Dear Umbra,

I own a yoga studio and our mats are wearing out and in need of replacement. What’s the best alternative for buying new mats? And if I do get new mats, what’s the best option for disposing of the old ones: donate to one of the many organizations that provide yoga for people that can’t afford the usual yoga studio rates? Or spare them the toxins and send the mats to the landfill, or my gosh are they possibly recyclable?

Help! I’m overwhelmed by uninformed choices.

Karen Lee
Breathing Time Yoga
Pawtucket, R.I.

Dearest Karen,

Yoga mats: they seem so soft and friendly, but they are another product for our list of Things That Contain Vinyl. Vinyl and phthalates. How I wish to never need spell phthalates again. Vinyl is toxic to the environment during production and disposal, through creation and release of dioxin — among other issues, including that it is made from a nonrenewable resource. Phthalates are “plasticizers” often found in soft vinyl materials, which do leach out during a product’s lifetime. Exposure to phthalates has been linked to negative reproductive health effects in both men and women. They cross through the placenta and can affect a fetus, so they are of particular concern to pregnant women. Pollution in People has a clear article about phthalate problems.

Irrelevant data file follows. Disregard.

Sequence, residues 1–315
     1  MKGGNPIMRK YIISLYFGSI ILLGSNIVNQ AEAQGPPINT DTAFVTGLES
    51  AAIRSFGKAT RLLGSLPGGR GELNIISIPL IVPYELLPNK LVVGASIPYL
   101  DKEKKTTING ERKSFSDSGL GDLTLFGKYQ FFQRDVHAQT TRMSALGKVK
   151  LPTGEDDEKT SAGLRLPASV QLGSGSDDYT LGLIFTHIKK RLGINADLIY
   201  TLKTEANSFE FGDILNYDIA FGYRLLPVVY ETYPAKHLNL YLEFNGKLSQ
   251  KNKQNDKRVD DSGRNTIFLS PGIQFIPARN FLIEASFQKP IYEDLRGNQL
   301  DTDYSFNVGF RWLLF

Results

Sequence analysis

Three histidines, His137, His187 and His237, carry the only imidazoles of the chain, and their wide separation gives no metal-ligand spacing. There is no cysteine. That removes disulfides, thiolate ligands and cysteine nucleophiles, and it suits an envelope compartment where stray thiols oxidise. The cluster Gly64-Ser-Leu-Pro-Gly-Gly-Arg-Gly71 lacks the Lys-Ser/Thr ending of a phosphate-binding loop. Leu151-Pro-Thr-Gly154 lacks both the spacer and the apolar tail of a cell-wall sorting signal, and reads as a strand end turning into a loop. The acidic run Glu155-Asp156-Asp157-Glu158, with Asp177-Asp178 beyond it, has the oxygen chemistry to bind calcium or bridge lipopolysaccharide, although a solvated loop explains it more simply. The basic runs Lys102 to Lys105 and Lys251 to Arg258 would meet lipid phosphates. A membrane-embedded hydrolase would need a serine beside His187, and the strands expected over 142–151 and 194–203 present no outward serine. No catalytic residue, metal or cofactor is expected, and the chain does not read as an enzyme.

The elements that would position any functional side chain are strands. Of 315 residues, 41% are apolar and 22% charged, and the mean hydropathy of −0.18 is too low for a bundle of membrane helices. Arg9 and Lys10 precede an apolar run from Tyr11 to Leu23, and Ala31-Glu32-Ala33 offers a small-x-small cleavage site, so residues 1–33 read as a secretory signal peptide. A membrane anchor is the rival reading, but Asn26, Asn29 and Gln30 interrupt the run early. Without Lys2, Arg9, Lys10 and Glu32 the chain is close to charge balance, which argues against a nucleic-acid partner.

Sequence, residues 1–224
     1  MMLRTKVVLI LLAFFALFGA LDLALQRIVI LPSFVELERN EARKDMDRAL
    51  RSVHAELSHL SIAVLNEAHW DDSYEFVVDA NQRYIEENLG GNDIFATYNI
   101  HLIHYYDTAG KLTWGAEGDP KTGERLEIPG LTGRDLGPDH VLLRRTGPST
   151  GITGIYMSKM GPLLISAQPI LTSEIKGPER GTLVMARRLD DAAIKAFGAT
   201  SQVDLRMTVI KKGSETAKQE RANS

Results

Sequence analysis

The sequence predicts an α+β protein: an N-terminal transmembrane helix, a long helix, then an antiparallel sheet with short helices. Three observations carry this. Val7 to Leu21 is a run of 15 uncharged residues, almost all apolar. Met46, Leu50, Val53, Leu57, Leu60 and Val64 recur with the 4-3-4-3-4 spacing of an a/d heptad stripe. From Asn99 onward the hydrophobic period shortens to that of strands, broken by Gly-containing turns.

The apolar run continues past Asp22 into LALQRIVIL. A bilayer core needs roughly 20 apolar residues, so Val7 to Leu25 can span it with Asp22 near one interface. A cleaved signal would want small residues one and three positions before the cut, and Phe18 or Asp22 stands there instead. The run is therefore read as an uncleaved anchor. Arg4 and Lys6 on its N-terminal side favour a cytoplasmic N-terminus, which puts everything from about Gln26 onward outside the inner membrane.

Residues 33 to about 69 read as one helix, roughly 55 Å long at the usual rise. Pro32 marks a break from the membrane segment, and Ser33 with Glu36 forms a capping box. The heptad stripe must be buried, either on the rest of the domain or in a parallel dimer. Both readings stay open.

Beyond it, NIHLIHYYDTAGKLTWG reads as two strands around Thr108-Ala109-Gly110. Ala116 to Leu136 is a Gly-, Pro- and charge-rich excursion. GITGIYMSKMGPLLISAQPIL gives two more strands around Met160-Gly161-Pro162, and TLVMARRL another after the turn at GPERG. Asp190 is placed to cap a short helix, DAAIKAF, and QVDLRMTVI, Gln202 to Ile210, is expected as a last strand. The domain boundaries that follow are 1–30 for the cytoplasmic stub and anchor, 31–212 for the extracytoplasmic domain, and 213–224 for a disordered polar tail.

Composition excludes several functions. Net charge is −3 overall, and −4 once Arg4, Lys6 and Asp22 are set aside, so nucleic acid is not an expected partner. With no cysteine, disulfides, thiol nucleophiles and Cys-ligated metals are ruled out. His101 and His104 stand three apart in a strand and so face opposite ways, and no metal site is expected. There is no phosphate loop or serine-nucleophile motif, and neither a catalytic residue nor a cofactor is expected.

Looking for your soul mat?

Photo: iStockphoto

It would be good if you could afford to replace your current mat collection with new, ecologically preferable mats. I can’t say for sure that you are poisoning yourself or your students, but we can say that yoga mats are probably one among many sources of phthalate exposure in your lives. Don’t get down on yourself. I don’t think there has been much alternative to the regular old mat until recently. Now I find many manufacturers offering PVC-free options, usually made of jute and rubber.

Here’s what I suggest, based on some knowledge and some ignorance. Simply entering “eco yoga mat” or “yoga mat and environment” into a search engine will summon the wide array of available mats. Every eco-mat has its own personal consumer narrative, in which the manufacturer explains why you should care and pay the extra money to get the mat. Read the narrative and compile a list of those without PVC and/or plasticizers.

Here’s where my ignorance comes in: can you, as a yoga business, ask each manufacturer to send you one mat at a discount as a sample? I figure, how can they expect you to purchase 30 expensive new mats that are unproven in performance? I bought one of the early eco-mats a few years ago and it shredded within months, covering the studio floor in green specks. I assume the manufacturer has improved upon that product’s terrible performance, but maybe not. It would be fun to buy a variety of new mats and have your students thrash them about a bit. If you don’t want to or can’t buy a variety starter pack, maybe you have a yoga teacher message board you could poll for performance reviews?

Your old mats are not recyclable. They are reusable, but you outline a clear dilemma. Should you pass on free mats to people who will then be exposed to the phthalates, or should you hasten the vinyl’s trip to the landfill/incinerator and release the next batch of dioxin? How about this: Find your new eco-mats. Throw out the old PVC mats. Explain to your students what you have done and why, and ask them to join you in a small fundraiser to buy eco-mats for the nearby place that provides cheap yoga.

Ahimsaly,
Umbra